GreenPower’s experience with numerous joint ventures mean that they have been exposed to all elements of the construction phase of all projects. Their successful portfolio of knowledge and experience places trust in future third party relations. Although their renewable energy processes can be replicated, they pride themselves on their independence and their high duty of care. GreenPower value their public relations participating in events and exhibitions to understand all personal viewpoints. They also work to mitigate any effects on wildlife, highlighted, for example, during the WLATHR road process where they worked with SNH, to avoid compromising the territory of an endangered species, the golden eagle.

Social and environmental benefit

Societal:

GreenPower’s independence allows employees to get personally involved and meet face-to-face with those in the community close to GreenPower’s wind farms. GreenPower has found these meeting with community councils and public exhibitions to be extremely useful in reassuring those who have concerns about potential wind farms.

GreenPower’s projects supply many thousands of homes with sustainable electricity (refer to the GreenPower Energy Production Summary). The Carraig Gheal project, for example, supplies the equivalent of the average domestic electricity demand, for approximately 34 thousand homes on an annual basis. This follows GreenPower’s belief that the world should be powered by sustainable renewable energy.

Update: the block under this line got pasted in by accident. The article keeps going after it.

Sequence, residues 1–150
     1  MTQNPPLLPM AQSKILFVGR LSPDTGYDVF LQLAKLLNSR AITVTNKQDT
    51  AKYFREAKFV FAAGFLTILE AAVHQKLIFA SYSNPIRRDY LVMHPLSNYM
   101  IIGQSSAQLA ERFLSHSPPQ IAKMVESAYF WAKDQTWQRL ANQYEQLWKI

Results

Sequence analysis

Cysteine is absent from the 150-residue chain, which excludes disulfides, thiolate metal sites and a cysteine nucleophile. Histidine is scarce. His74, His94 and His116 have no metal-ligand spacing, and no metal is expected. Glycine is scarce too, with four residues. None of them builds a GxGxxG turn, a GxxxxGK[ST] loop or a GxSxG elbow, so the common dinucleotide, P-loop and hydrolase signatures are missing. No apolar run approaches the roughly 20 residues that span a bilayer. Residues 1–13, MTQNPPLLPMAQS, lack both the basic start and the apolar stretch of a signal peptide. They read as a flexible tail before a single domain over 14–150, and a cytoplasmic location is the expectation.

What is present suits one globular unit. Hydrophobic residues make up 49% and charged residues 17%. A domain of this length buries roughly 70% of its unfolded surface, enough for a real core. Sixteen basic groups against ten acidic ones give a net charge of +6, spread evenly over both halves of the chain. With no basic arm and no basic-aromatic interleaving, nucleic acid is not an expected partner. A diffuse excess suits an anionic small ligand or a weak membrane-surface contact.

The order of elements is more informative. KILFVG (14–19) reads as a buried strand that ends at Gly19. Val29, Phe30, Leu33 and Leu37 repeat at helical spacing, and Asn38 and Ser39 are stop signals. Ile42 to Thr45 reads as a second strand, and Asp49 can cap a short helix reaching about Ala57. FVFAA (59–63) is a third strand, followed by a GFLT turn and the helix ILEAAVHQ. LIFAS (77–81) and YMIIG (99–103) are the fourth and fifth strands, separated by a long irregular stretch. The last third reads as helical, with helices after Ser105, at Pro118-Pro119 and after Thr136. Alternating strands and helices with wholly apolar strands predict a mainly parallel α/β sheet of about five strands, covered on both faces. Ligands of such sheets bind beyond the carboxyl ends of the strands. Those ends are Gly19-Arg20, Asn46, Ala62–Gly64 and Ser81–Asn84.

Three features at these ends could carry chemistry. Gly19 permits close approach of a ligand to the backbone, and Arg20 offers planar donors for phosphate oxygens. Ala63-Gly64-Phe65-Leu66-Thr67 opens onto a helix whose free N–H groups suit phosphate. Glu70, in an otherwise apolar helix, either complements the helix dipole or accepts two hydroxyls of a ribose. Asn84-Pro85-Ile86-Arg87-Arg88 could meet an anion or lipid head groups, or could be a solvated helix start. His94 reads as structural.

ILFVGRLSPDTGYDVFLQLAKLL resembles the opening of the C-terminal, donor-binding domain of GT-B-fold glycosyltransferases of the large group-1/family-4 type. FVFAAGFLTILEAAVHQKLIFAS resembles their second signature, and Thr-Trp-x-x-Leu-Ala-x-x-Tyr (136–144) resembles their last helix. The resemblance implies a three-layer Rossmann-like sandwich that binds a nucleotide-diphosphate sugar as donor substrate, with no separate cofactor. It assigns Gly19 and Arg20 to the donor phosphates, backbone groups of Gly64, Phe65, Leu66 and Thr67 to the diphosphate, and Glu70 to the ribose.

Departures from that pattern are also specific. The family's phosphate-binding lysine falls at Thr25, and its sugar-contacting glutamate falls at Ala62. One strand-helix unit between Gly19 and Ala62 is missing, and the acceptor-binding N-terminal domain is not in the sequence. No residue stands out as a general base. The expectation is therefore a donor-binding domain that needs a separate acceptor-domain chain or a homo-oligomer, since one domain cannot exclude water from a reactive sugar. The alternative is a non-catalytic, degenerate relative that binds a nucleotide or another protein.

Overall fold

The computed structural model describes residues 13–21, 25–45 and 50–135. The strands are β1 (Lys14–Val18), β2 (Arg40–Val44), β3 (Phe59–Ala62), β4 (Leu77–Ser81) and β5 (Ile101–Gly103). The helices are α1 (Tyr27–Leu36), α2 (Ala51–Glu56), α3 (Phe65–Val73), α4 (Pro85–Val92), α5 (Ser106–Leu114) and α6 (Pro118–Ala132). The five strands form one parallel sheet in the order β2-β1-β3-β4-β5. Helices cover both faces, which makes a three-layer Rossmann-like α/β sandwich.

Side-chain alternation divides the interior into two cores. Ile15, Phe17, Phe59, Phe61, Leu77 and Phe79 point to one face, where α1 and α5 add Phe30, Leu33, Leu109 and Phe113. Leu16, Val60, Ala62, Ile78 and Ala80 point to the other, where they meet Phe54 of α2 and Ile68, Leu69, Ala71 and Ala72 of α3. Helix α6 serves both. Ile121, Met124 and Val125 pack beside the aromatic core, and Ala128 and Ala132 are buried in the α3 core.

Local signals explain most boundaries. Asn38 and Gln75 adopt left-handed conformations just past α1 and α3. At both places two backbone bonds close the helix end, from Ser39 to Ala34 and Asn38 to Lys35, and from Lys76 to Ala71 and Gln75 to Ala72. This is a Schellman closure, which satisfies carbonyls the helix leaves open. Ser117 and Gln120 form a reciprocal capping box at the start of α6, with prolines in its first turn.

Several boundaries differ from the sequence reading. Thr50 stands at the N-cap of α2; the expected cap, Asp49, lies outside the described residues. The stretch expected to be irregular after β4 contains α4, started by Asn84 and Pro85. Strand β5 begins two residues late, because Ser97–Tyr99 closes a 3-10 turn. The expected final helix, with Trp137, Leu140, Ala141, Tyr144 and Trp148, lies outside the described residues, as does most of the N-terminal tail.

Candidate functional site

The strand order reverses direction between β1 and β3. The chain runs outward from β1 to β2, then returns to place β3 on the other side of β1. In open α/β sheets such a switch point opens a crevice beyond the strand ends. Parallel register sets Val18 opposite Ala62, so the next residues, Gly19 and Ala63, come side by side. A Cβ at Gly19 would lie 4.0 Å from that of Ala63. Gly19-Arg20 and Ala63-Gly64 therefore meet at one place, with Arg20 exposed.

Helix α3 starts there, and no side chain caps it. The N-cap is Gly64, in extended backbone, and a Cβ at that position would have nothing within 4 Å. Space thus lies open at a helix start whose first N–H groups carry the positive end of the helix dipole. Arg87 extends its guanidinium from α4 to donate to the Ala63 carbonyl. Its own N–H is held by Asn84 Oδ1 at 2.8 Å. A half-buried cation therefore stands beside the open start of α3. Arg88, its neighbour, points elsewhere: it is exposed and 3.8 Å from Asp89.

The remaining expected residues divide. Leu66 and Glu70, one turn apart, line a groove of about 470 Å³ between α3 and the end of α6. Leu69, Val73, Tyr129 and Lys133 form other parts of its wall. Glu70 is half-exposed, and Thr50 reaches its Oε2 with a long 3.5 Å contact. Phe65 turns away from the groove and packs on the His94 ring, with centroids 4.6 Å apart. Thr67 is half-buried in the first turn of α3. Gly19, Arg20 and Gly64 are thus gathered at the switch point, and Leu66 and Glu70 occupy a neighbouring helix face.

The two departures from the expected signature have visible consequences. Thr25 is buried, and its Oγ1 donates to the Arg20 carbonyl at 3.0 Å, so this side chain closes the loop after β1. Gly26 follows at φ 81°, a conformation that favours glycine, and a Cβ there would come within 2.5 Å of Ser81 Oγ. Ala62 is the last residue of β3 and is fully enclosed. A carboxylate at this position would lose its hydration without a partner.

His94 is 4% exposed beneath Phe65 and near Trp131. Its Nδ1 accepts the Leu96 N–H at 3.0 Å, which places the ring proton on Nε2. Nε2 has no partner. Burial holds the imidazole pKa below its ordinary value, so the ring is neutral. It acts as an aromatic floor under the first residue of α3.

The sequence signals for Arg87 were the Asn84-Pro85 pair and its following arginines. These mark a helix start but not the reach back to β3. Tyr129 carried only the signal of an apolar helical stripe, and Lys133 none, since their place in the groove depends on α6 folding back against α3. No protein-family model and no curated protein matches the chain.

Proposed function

Environmental:

GreenPower’s independence allows the company to enact their strong environmental values as shown in their environmental statements.

When preparing for the construction of the WLATHR, GreenPower’s Environmental Impact Assessment identified several endangered species and the company worked closely with its environmental advisors and consultees to avoid or mitigate any possible effects on such species including the Red Squirrel, Pine Martin, the Golden Eagle, the White-Tailed Eagle and the Red Throated Diver. During construction of the Wind Farm and the WLATHR, in respect of the Golden Eagle, GreenPower applied the safeguarding protocol it had developed with SNH and GreenPower was pleased to learn that during the year of construction, an eagle chick had been hatched and successfully fledged.